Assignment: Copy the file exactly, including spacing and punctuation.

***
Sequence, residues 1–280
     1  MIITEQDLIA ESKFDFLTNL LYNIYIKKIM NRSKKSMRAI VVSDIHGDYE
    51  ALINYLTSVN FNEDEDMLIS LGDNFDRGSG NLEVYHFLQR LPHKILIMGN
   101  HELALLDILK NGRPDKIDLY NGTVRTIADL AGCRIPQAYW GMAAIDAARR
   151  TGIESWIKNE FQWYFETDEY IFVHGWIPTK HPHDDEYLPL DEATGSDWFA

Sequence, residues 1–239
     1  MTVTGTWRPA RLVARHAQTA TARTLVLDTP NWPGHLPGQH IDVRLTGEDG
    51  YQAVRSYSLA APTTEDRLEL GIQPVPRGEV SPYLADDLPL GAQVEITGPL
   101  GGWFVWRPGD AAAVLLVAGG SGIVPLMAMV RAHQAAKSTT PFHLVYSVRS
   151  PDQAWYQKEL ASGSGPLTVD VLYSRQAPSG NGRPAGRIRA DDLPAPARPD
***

Sequence, residues 1–280
     1  MIITEQDLIA ESKFDFLTNL LYNIYIKKIM NRSKKSMRAI VVSDIHGDYE
    51  ALINYLTSVN FNEDEDMLIS LGDNFDRGSG NLEVYHFLQR LPHKILIMGN
   101  HELALLDILK NGRPDKIDLY NGTVRTIADL AGCRIPQAYW GMAAIDAARR
   151  TGIESWIKNE FQWYFETDEY IFVHGWIPTK HPHDDEYLPL DEATGSDWFA

Sequence, residues 1–239
     1  MTVTGTWRPA RLVARHAQTA TARTLVLDTP NWPGHLPGQH IDVRLTGEDG
    51  YQAVRSYSLA APTTEDRLEL GIQPVPRGEV SPYLADDLPL GAQVEITGPL
   101  GGWFVWRPGD AAAVLLVAGG SGIVPLMAMV RAHQAAKSTT PFHLVYSVRS
   151  PDQAWYQKEL ASGSGPLTVD VLYSRQAPSG NGRPAGRIRA DDLPAPARPD